• Nationally, the ratio of record highs to record lows this summer was 4.35 to 1. But in Texas, the ratio was 80 to 1.
     
  • In Texas, the average statewide temperature for the summer (night and day) was a whopping 86. 8°F.
     
  • Every state in the Lower-48 except North Dakota and Vermont had at leastone day with a temperature topping 100°F. Many cities broke all-time heat records.  Austin, Texas set newrecords for the most 100° days, the hottest month, the hottest summer and the hottest day in history (112°F, tied with Sep, 5, 2000).

Texas Drought and Wildfires

DROUGHT & WILDFIRE RECORDS BROKEN in 2011

Worst One-year Drought On Record
Texas
(Sept 2010-August 2011)

Number of Acres Burned in:
Texas: 3.5 million acres
New Mexico: 156,000 acres
(Las Conchas Fire)
Arizona: 538,000 acres in the
(Wallow Fire)

  • Climate change is creating drier conditions in the American Southwest,(15and has been linked to increases inforest acres burned in some regions of the West.(8,16)
     
  • These drier conditions are aggravated by natural climate cycles, such as La Nina, a significant factor in this year’s drought, which tend to favor drought in the Southwest. Global warming could boost the intensity and impact of these La Nina-related droughts.(18,19,20)
     
  • For every additional degree of global warming, the number of acres burned in Southwest wildfires is projected to increase dramatically — at the same time as rain and snowfall decrease.(17)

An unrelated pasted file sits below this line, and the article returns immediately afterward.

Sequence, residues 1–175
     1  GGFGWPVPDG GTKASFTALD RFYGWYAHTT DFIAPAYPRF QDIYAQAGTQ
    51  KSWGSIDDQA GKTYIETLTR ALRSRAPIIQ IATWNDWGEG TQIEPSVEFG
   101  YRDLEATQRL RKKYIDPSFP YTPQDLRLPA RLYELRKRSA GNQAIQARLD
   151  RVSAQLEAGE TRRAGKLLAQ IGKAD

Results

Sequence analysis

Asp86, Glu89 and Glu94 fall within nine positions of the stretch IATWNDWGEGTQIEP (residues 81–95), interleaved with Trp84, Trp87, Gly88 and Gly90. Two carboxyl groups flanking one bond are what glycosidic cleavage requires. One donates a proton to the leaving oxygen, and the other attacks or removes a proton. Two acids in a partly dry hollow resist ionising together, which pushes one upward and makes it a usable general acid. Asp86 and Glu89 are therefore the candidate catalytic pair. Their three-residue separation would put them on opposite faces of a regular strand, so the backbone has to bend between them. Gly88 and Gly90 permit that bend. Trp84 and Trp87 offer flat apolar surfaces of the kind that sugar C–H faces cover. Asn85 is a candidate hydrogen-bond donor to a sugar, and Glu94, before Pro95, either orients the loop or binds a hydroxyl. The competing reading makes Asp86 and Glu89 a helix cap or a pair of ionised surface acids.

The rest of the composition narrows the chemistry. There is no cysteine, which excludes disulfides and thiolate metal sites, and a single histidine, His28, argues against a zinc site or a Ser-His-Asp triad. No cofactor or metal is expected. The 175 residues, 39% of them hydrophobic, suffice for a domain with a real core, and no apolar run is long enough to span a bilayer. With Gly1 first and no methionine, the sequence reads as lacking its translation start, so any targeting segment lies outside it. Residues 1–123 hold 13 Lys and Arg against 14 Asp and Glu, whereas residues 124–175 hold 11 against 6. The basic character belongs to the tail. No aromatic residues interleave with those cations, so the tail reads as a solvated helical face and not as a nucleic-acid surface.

• At the end of September, 97 percent of Texas was in one of the top two most severe categories of drought, according to the U.S. Drought Monitor. That’s a new state record.
     
  • Drought and extreme heat combined to create Texas’ worst wildfire season on record, with nearly four million acres burned so far.
     
  • Texas broke a record for the driest 12-month period on record. The drought has cost Texas an estimated $5.2 billion in agricultural losses and at least $1 billion in other damage, making it the most costly drought in the state’s history.

    Bastrop State Park as a wildfire burns out of control

  • The drought is driving up the price of beef as ranchers are forced to sell their herds early. Lower cotton yields could force up cotton prices and peanut, corn and wheat crops have also been hit hard.
     
  • The Bastrop fire, which ignited east of Austin on September 4, burned over 34,000 acres, killed two people and destroyed more than 1,600 homes, breaking the state record for the most homes lost in a single wildfire. It was also the most expensive wildfire in Texas history.
     
  • New Mexico also suffered from unusually severe wildfires. At one point, the Las Conchas wildfire, which burned nearly 130,000 acres, threatened the Energy Department’s Los Alamos National Laboratory, the birthplace of the atomic bomb.

 

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References

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 (3)Trapp, R. J., N. S., Diffenbaugh, and A. Gluhovsky (2009), Transient response of severe thunderstorm forcing to elevated greenhouse gas concentrations, Geophys. Res. Lett., 36, L01703, doi:10.1029/2008GL036203.

 (4)Trenberth, K.E., P.D. Jones, P. Ambenje, R. Bojariu, D. Easterling, A. Klein Tank, D. Parker, F. Rahimzadeh, J.A. Renwick, M. Rusticucci, B. Soden and P. Zhai, 2007: Observations: Surface and Atmospheric Climate Change. In: Climate Change 2007: The Physical Science Basis. Contribution of Working Group I to the Fourth Assessment Report of the Intergovernmental Panel on Climate Change [Solomon, S., D. Qin, M. Manning, Z. Chen, M. Marquis, K.B. Averyt, M. Tignor and H.L. Miller (eds.)]. Cambridge University Press, Cambridge, United Kingdom and New York, NY, USA.